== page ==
Belonging, The Story of the Jews 1492-1900 – Simon Schama

BelongingI read the first part of this two part history nearly 5 years back and remember being completely mesmerized by Simon Schama’s story-telling. I vowed to read the second part as soon as it is available but somehow missed its 2017 release, only to pick up the book at the very end of 2018. This second part does not disappoint. This is how history should be told. It is history that is painstakingly researched but not lost in academic referencing. It is history that is clearly opinionated but not lost in self-righteous justification. It is history that captures a sweeping narrative across time and geography but does not lose the human element. It is this last point – that is Schama’s stylistic trademark. He has the brilliant ability to build a grand historical picture through the tale of a sea-faring merchant or the determined struggles of a family matriarch or the conflicted faith of an orthodox rabbi. It is these stories that make you smell the smells of a Kosher kitchen on Rosh Hasanah or feel the dread of a mother as she hides her children away from a lynchmob outside the synagogue or hear the incomprehensible sorrow of a father dutifully reciting the Kaddish.

Schama weaves the tragic tale of the Jews over 15 centuries, starting from their expulsion from Spain in 1492 where the first part finished, and culminating into establishment of Zionism around 1900 – just on the eve of the first world war. It is a story of wandering, of expulsions, of hatred, of murder. But it is also a story of enterprise, of guile, of hope, of survival. Above all, it is a story of a quest of a people to belong. The sheer absurdity of more than two millennia of persecution of an entire race for real or imagined crimes of individuals is incomprehensible. That anti-semitism still persists today and shapes the political narrative of Europe defies all logic.

Schama tells all these stories based on an incredible amount of research. The book is absorbing and unputdownable, but never trivial or sensationalist. And that is truly an achievement.

What also stands out is the geographical scope of the book. While most of the action happens in Europe, the book also follows the wandering Jews into China and India, US and Argentina. And in these far flung stories – there is often the discovery of some unexpected gem. Like when the book goes to my home town Surat in Western India – set in 1663:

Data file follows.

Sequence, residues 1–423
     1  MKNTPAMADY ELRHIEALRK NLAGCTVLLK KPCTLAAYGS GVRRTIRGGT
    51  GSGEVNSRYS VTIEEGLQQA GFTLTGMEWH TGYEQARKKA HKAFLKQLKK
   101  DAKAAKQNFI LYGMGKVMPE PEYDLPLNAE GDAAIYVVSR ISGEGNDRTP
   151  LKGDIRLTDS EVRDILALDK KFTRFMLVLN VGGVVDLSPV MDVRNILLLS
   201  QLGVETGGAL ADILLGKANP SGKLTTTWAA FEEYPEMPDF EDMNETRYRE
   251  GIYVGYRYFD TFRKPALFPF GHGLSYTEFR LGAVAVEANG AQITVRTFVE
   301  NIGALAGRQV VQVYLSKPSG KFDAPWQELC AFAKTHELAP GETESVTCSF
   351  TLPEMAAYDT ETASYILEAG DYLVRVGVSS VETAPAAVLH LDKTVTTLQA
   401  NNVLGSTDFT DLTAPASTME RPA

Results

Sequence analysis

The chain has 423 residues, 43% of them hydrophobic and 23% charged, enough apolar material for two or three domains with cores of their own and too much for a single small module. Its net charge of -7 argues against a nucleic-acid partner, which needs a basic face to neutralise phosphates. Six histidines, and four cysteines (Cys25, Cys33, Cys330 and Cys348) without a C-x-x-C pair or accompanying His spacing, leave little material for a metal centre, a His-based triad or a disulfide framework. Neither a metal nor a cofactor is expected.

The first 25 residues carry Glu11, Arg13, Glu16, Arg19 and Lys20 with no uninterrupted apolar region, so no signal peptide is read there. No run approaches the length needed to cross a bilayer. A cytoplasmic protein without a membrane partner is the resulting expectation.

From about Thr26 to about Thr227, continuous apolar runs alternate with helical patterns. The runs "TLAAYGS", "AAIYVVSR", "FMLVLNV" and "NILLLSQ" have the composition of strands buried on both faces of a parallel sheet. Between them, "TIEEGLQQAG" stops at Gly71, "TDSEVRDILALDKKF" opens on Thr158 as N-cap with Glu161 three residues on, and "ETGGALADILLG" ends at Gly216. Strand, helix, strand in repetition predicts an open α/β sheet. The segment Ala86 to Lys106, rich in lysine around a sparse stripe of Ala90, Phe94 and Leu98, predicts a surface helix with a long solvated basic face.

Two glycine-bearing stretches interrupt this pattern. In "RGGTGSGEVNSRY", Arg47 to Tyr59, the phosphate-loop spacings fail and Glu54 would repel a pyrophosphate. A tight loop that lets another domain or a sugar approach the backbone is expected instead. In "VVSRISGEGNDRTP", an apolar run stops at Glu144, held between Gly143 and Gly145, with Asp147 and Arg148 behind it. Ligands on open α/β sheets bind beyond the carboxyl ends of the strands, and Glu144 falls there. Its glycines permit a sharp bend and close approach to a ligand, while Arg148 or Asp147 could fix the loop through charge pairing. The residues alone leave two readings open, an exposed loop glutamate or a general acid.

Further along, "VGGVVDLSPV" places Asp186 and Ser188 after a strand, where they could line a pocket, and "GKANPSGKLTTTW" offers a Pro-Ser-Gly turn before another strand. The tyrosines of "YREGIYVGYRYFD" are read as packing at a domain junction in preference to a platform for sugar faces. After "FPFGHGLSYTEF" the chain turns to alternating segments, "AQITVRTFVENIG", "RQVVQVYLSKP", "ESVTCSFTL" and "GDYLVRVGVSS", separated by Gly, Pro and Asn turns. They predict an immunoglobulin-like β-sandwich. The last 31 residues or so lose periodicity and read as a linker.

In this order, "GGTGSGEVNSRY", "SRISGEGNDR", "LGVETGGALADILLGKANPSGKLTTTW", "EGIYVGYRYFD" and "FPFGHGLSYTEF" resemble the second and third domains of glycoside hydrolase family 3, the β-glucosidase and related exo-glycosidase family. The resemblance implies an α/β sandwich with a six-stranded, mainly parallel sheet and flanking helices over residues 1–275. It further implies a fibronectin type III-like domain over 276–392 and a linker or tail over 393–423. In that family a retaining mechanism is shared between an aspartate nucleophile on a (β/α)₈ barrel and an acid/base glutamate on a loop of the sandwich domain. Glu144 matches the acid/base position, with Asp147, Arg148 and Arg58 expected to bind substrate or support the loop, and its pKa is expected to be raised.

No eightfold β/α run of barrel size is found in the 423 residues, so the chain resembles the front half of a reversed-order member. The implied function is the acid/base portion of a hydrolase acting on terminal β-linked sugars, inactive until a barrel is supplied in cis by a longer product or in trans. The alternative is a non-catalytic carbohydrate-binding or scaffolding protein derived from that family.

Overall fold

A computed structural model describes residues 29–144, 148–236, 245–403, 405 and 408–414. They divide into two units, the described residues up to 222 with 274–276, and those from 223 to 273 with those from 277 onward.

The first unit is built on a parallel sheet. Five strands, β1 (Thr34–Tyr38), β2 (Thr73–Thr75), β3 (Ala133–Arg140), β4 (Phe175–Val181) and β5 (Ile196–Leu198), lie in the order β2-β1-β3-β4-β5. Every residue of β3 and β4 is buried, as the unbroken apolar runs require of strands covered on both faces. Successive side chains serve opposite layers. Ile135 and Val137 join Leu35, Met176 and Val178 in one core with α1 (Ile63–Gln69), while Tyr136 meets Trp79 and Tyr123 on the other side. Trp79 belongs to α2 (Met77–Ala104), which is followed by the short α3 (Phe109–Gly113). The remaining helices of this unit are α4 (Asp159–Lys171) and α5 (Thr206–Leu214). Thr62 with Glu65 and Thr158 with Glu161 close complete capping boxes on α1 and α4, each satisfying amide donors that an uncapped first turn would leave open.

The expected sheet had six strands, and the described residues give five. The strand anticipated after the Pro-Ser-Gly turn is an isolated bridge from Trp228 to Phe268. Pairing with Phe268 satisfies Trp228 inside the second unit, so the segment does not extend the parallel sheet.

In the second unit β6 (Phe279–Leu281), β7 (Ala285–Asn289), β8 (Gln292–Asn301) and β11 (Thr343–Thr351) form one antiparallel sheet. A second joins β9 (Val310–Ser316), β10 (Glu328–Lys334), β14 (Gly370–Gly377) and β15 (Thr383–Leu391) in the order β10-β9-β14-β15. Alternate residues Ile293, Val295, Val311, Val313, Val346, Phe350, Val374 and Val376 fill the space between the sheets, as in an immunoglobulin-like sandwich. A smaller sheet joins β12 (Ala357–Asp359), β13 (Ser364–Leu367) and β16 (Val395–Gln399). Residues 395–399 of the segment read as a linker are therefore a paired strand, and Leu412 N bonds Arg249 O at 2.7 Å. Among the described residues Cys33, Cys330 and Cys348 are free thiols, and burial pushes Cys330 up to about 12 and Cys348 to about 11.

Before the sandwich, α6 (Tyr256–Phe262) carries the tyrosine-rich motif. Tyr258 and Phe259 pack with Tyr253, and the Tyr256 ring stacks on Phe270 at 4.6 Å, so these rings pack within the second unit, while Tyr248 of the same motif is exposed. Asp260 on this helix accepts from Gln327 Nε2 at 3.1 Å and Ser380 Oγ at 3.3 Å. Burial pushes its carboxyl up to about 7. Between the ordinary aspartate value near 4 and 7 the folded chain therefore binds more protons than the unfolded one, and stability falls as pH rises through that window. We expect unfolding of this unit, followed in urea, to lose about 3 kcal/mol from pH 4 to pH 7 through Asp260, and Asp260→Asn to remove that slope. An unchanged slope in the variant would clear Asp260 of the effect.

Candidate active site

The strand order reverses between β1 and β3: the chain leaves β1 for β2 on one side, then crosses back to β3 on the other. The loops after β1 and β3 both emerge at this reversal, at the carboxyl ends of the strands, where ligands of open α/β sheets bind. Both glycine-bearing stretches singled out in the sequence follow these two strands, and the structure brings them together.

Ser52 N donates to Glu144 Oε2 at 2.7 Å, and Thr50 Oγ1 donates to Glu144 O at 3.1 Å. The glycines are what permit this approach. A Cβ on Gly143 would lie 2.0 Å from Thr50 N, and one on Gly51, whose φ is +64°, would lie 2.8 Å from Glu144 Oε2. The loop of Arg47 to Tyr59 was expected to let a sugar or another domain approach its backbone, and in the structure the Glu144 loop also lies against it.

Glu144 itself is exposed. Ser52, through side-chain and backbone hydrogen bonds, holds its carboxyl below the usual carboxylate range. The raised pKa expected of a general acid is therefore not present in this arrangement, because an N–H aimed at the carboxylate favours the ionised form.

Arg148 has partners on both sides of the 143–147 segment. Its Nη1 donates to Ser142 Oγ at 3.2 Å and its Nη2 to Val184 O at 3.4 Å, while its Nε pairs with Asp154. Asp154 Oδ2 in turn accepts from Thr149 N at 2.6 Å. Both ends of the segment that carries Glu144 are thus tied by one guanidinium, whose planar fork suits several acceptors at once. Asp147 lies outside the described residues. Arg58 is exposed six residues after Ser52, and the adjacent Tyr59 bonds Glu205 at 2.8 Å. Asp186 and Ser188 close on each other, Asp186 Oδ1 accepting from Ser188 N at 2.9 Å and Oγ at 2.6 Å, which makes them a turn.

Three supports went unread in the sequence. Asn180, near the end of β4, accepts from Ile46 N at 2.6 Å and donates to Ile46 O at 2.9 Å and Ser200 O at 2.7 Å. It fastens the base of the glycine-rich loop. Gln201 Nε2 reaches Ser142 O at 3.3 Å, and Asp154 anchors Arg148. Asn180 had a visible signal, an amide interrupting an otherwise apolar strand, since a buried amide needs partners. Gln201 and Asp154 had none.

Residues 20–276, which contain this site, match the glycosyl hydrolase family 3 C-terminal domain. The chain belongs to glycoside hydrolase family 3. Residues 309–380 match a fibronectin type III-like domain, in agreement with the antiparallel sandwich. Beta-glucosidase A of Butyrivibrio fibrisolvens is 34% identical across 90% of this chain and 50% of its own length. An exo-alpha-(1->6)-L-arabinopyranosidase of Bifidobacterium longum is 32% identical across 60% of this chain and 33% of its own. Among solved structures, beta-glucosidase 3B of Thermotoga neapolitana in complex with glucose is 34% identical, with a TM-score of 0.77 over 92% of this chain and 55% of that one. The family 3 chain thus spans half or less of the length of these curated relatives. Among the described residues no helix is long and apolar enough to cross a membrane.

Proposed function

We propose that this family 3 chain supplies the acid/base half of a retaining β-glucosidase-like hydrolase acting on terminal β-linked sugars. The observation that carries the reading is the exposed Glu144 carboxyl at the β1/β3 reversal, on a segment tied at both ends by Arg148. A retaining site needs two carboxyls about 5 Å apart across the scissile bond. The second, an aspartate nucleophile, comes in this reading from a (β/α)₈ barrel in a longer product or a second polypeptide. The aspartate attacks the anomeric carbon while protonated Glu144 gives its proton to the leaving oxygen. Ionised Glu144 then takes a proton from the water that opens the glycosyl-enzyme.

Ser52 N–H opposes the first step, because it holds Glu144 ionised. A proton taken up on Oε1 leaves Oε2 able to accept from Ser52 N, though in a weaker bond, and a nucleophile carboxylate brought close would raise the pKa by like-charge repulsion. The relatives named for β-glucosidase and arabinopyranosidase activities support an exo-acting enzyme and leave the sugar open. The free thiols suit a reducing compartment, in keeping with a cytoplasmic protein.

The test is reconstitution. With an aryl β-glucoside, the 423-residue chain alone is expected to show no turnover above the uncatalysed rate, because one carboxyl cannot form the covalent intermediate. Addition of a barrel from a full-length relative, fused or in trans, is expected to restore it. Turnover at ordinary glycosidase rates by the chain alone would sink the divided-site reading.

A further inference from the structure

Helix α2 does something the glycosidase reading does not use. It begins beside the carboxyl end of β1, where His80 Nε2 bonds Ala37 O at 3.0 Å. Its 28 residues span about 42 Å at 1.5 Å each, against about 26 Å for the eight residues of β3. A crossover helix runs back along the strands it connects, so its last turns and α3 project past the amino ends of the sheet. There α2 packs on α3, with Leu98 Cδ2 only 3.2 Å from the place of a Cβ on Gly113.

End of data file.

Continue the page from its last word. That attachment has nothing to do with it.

“…Twenty years after the siege , Mosseh Pereyra de Paiva – from a family of Sephardi diamond and gem traders based both in Amsterdam and Surat in the Mughal dominions – came to Cochin and was royally entertained by local Jews…When the time came to depart (Presumably back to Surat, since he seems never to have left India), he was treated to another farewell throng gathered on the jetty…”

I am not aware of any significant Jewish presence in Surat today. Surat is the diamond polishing capital of the world and I have often wondered what makes it so. The global Diamond business today is dominated by jewellers either from Surat or from Israel and I recently saw them working side-by-side rather incongruously in the Diamond district of Antwerp. I could never have imagined that this partnership started at least 350 years back!

London, my current home (also Schama’s hometown) plays a very role important role at various junctures in the history as well. His description of the Rag Fair – second hand clothes bazaar – in mid eighteenth century City and Whitechapel is beautifully evocative. I found myself walking the streets of London along with the door to door Jewish hawker of odds & ends as he looks for this first sale of the day.

No Jewish history can ever stray too far away from tragedy. Every hope given by an enlightened ruler is quickly dashed by the irrationality of the mob. Amidst multiple false dawns, the stories of individuals, families, whole villages even are chilling and heart rending. They are neatly entwined by stories of heroes – both men and women – who managed to survive and even thrive with determination, talent and often guile.


The book broadly follows a straight chronology – right from expulsion from Spain to the birth of Jewish nationalist identity in the form of Zionism. Through the journey, it weaves in the evolution of Jewish theology, music, art and theatre. It also weaves in tales of enterprise and innovation. It also talks of philanthropists and administrators. It talks about rabbis with unshakeable faith in the coming of the messiah as well as several fake messiahs who have emerged over the centuries. It finally talks about the Zionists – who believed that assimilation was unachievable and the only solution was an independent Jewish homeland. I am not quite sure why Schama decided to end the book around 1900 rather than bringing it upto the present day. Perhaps, the horrors of the 20th century would be difficult to fit into a few chapters; perhaps, that story has already been told. I did find the end a little abrupt and would have really like to see how the preceding 15 centuries culminated into the holocaust and the creation of Israel.

Anybody looking to understand the story of Jews – should look no further!

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